Monday, January 21, 2013

Nuthin' but a Tweet-a-thon

Once again the Annual 4DK Search Term Tweet-a-thon proved that treating bizarre keyword searches divorced from any mitigating context like found poetry is the absolute best use to which Twitter could possibly be put. And once again -- thanks to the united forces of horniness, borderline illiteracy and the dementia that comes from abusing office cleaning products -- we had quite an array of terms to choose from.

Some search terms presented a possibility that we’d never considered and then made us desperately wish that it was a reality:
  fred williamson supermarionation 
 While, in other cases, a simple misspelling lead to accidental genius:
 poos in boots toys 
Sometimes we saw a term that perhaps cast too wide of a net…
 ugly tarzan 
 …later refined to better produce the desired result
 fugly tarzan 
And then there were those curious trends that announced themselves, the sort that prompt the question, “seriously, what the fuck, internet?”
 best cyclops ever 
 cyclops mustache 

cyclops Olympics 

did cyclops die 

famous Cyclops 

inbred Cyclops 
And finally…
 side clops 
This year also saw quite a lot of participation of the part of our friends and colleagues in the glamorous world of movie blogging, with some representative highlights below. (New bands in search of a name, take note.)

@houseinrlyeh david warbeck toilet fight

@CulturalGutter rick moranis boycott

@TarsTarkasnet wizard of smurfs

@bethlovesbolly Distraught.

@_JohnGarden lobster filmbox

@pbngialli frankenstein nude

@fisty what kind of beer is tom towles drinking in night of the living dead 1990?

Thanks, all. It was a crazy ride. We'll see you again next year.

Friday, January 18, 2013

It's the 4th Annual 4DK Search Term Tweet-a-thon!

My annual survey of the search terms that bring people to 4DK teaches me things both good and bad. For one thing, it reminds me of what exquisite taste you readers have, and that I am far from alone in my love for figures like Dara Singh, Suzzanna and Jyothi Laxmi, or in my belief that Anjanette Abayari is smokin' hot. On the other hand, it shows me that there are a lot of people out there who don't know how boobs work.

Of course, we're not here to celebrate those people. Wait. What's that? We are here to celebrate those people? Shuh. Well ain't that just the way of the world.

Yes, loverlies, the 4DK Annual Search Term Tweet-a-thon is upon us once again. Starting at 5pm this coming Sunday, January 20th, I will begin tweeting all of the most misbegotten, misspelled and les miserable internet queries that saw confused seekers washing up upon the shore of my humble site. And barring extradition or a well placed sniper's bullet, I WILL NOT STOP until 5pm the following night. Is it even possible to make Twitter stupider than it already is, if only just for one day? Come on, people. We can be heroes.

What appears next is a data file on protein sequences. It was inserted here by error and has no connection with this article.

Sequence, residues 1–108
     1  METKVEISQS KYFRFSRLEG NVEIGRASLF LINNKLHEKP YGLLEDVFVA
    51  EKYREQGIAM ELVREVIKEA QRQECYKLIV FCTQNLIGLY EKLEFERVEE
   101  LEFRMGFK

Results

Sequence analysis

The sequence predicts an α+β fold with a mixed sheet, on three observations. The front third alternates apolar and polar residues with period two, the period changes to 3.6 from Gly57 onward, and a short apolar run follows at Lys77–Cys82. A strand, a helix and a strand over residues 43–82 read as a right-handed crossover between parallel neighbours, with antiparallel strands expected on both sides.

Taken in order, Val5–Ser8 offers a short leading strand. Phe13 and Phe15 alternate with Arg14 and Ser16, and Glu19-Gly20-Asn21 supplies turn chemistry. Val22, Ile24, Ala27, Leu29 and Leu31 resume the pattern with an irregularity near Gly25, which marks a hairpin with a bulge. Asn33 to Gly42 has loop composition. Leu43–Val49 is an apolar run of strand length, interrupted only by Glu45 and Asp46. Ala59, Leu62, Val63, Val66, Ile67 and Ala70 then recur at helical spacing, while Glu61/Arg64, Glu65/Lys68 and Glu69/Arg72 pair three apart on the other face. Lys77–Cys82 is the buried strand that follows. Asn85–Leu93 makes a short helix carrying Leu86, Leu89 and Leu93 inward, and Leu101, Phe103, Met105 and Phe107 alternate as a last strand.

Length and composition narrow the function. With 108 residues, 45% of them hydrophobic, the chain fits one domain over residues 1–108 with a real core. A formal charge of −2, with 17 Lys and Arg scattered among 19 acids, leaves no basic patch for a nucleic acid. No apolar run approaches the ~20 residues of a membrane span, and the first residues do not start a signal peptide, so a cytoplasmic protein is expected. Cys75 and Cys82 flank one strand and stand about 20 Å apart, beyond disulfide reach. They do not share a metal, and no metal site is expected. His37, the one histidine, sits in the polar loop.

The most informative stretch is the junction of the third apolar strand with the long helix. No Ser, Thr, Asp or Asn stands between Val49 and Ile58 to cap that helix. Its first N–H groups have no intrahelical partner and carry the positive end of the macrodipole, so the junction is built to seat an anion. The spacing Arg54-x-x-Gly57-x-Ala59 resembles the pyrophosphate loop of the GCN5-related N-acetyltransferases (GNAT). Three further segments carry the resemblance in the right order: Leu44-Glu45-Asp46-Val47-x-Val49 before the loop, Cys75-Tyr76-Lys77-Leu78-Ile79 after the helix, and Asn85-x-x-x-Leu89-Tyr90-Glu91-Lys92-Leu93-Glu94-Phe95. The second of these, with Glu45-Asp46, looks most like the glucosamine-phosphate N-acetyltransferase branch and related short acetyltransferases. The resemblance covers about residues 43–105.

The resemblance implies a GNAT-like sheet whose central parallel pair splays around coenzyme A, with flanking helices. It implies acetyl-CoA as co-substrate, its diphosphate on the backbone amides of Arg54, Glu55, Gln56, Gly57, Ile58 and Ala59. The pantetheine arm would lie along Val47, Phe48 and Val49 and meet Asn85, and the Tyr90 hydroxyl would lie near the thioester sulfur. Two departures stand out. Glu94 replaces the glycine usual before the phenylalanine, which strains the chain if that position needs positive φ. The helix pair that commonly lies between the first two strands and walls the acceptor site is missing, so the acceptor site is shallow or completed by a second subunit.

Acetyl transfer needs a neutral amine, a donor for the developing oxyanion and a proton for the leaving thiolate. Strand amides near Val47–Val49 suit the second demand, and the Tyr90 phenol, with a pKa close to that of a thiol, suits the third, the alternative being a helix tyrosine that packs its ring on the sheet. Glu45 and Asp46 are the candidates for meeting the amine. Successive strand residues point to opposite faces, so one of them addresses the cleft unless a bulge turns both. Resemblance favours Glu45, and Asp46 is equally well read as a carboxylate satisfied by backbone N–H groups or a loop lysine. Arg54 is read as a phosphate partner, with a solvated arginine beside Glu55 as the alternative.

As usual, all you web masters and mistresses out there are urged to join along with your own search based word salad. I will retweet any and all contributions made in like spirit. At the same time, please be advised that, in order to insure that my Twitter feed is one impenetrably anti-grammatical scream of desperation for the duration, I will not be responding to any tweets. For this same reason, I have once again considered devising a hashtag for the event and once again decided not to, due to my own creepy notions of purity. Feel free to designate your own contributions as you see fit, however, or simply direct them to me at @fourdk.

4DK's Twitter account can be accessed here. No one will know but us that our accounts haven't been taken over by seizing sentient spambots with lactation fetishes.

Sunday, January 13, 2013

Dr. Satan y la Magia Negra (Mexico, 1968)

Were I bereft of all hope and happiness, the fact that, just when I think I’ve seen every giddy Mexican comic book fantasy movie from the 60s there is, I stumble upon something like Dr. Satan y la Magia Negra, would alone be enough to keep me turning the mortal page. And were that the case, I would also owe Andrew Leavold MY LIFE, for he is the one who steered me toward this minor gem. Of course, some might find the film’s limited scope and episodic structure wearing. But -- given this is a film that contains mad science, black magic, vampires, sexy lady zombies, ray guns, exploding skyscrapers, satans and cut rate spy movie intrigue -- it is for me precisely one robot and one go-go dancing number shy of perfection. (Perhaps Los Rockin’ Devils were unavailable.)